A great math commercial.

About a year ago, I came across the following commercial from IBM.  It is such a rare occurence to see math on TV that I showed it to my students to the point where I thought they were going to have me institutionalized.  Enjoy!

The perfect pencil

The number one tool of any mathematician is the pencil.  I know, some will argue that you prefer to use a pen.  In fact, I had a professor in college who believed that “real mathematicians” used only pen.  His argument was simple and logical:  a pen records all of your ideas while a pencil encourages a more permanent destruction of your old ideas. And, how many of us mathematical hobbyists have erased our graphite errors only to realize later that we had the perfect idea ten attempts ago?  (Of course, I never had the heart to provide him with the perfect counterexample to his argument … a pencil without an eraser.  I guess I am too kind.)

Don’t get me wrong.  I, too, enjoy using a pen to work on mathematics. In fact, I have a real love of fountain pens and nothing feels better than recording your ideas using one.  However, the real workhorse of our subject is the pencil.

Where was I?  Yes … the pencil.  So, what is the perfect pencil?  Well, again, the debate will rage on … some people love mechanical pencils and some people love wooden pencils.  Mechanical pencils are cool and can fit in your pocket.  Wooden pencils have a great smell and can fit behind your ear.  Myself, I love both.

But, if I had to choose, the perfect pencil would be the Dixon Ticonderoga.  Maybe it’s because it’s the pencil I grew up with or maybe it is the smooth writing, but nothing says math to me like that pencil.

Am I right?  Am I wrong?  Please leave me your comments on the perfect pencil.

Looking for that perfect gift idea?

Instead of giving that video game or other mind-numbing gift, why not give the gift of knowledge?  A mathematically related book can be the perfect gift to help stimulate the mind. Below are my top 6 picks for math books:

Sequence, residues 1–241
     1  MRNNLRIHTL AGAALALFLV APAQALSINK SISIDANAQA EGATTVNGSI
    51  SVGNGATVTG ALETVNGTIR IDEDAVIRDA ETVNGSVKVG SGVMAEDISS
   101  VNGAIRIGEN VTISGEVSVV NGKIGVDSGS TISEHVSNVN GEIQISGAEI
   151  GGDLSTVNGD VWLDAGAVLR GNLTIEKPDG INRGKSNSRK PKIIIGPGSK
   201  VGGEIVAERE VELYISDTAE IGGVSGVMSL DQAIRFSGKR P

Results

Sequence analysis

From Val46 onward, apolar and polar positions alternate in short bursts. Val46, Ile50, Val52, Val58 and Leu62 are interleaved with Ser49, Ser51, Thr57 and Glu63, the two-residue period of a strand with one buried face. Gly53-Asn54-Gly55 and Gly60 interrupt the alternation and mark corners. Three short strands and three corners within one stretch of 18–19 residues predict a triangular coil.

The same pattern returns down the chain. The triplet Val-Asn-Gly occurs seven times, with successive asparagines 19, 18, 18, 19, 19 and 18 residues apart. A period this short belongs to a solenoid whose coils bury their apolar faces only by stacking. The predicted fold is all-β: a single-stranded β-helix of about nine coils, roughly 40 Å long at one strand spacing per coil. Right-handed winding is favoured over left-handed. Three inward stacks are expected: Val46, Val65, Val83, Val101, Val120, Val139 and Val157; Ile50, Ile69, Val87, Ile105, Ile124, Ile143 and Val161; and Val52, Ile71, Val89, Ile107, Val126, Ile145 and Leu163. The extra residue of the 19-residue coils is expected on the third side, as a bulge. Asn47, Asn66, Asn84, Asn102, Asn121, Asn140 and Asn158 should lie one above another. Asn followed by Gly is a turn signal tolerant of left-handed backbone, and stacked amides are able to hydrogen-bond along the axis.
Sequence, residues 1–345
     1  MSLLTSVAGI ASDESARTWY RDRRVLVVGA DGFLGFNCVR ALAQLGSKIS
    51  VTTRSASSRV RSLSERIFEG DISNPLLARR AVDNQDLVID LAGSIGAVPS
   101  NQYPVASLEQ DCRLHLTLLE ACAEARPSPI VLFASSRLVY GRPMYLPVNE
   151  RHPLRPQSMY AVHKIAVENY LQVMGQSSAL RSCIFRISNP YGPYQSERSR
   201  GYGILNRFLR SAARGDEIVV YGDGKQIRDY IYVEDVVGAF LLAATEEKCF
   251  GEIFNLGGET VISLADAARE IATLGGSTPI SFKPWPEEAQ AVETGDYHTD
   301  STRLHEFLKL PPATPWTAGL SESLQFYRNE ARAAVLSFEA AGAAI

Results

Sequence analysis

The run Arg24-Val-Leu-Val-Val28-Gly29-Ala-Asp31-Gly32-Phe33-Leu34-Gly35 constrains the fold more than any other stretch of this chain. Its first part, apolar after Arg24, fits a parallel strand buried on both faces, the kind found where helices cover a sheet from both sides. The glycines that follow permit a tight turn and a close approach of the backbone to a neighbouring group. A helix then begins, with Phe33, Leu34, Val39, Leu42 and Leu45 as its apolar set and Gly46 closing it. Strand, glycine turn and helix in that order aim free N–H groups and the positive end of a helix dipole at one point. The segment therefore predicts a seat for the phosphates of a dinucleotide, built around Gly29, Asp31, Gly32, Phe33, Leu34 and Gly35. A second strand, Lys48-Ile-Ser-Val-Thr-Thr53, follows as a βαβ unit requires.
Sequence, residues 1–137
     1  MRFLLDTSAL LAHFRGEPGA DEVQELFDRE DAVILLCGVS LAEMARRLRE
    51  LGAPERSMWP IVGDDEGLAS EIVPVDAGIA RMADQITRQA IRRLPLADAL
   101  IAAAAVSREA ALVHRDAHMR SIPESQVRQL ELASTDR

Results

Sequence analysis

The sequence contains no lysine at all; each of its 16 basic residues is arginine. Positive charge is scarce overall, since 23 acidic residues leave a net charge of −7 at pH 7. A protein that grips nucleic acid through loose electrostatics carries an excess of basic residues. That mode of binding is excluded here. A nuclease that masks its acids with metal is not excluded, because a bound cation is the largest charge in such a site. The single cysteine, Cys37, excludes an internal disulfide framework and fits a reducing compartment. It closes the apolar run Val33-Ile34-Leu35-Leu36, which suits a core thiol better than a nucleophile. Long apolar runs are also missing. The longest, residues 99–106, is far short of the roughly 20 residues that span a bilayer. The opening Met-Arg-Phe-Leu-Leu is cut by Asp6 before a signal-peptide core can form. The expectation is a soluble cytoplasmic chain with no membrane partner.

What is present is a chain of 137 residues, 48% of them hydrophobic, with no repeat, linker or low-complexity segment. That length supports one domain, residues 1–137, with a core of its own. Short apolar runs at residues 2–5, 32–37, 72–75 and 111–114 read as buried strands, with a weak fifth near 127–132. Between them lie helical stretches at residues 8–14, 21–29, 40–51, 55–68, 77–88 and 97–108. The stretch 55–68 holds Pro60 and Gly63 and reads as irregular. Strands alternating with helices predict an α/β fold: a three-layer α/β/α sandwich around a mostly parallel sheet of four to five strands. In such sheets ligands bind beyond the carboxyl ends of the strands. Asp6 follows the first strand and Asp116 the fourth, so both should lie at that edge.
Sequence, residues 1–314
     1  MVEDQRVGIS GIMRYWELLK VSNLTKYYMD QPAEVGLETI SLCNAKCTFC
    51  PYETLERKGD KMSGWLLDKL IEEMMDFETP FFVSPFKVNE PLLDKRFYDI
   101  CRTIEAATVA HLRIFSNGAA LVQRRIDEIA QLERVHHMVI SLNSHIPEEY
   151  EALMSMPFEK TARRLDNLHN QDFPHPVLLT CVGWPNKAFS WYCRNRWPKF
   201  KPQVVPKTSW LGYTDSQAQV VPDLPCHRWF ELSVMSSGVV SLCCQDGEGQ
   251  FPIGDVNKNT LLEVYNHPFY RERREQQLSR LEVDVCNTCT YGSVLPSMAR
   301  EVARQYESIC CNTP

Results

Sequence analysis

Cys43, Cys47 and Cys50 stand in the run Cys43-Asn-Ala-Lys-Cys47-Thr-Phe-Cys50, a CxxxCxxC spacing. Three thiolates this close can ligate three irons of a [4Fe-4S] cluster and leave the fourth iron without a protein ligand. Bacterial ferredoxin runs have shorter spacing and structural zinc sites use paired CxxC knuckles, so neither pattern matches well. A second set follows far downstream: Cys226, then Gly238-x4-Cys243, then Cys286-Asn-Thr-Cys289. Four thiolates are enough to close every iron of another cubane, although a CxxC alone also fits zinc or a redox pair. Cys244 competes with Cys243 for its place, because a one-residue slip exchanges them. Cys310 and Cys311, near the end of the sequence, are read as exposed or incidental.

1) The Man Who Loved Only Numbers by Paul Hoffman

2) Men of Mathematics by E.T. Bell

3) Journey through Genius: The Great Theorems of Mathematics by William Dunham

4) The Education of T.C. Mits by Lillian R. Lieber

5) A Mathematician’s Apology by G.H. Hardy

6) Letters to a Young Mathematician by Ian Stewart

While these are my favorites, there are many others I like. To see a complete list of recommendations and/or to see descriptions of these books, click on my “Suggested Books” page on this blog.


The unique personality of a young mathematician.

A young genius ...

A young genius …

One of the all time great mathematicians was Paul Erdős.  Erdős published more original mathematics than any other mathematician in history.  However, Erdős was more than a mathematician.  He was also one of the most unique personalities in all of mathematics.  This “uniqueness” started at a young age.

Upon meeting a new “friend”, Erdős often introduced himself in a mathematical way.  Sometimes he would ask “how many ways can you prove the Pythagorean Theorem?”  (Erdős himself knew 37 different proofs by his early teens!)  Other times, he would ask a computational question.  Once, when 17, he was introduced to 14-year-old Andrew Vazsonyi.  Immediately, without any greeting, he asked Vazsonyi to give him a four digit number.  Without blinking, Erdős was able to square the number in his head.  However, he apologized for not being able to cube the number.  As he said, “I am getting old and decrepit and cannot tell you the cube.”  Amazingly, by the age of 17, he already viewed himself as an old man who was losing his mathematical talents.  In fact, this obsession lasted all 83 years of his life.  Fortunately, for the mathematical community, this obsession never came to be.  He produced original mathematics up until the day he died.

If you would like to learn more about Paul Erdős, you can click here to get his biography.

If you would like to read some great books about Paul Erdős, you can look for one of these:

  • The Man Who Loved Only Numbers by Paul Hoffman  (Click here to read my brief synopsis.)
  • My Brain is Open by Bruce Schechter  (Click here to read my brief synopsis.)

These are great books about one of the greatest talents and most compassionate human beings in the mathematical world.  You will not be disappointed.

Want to earn some extra money?

What better way to earn a little extra money than by solving a math problem? The Clay Mathematics Institute, an institute “dedicated to increasing and disseminating mathematical knowledge,” started a contest in 2000.  Solve one of the seven problems (six since the resolution of the Poincare Conjecture by Grigoriy Perelman) selected by the Institute and win one million dollars. These seven problems, known as the Millennium Problems, are some of the most famous and important unsolved problems in all of mathematics.

So, it’s that simple.  Perhaps, with a lot of luck and brainpower, you can earn some extra money.

Good luck!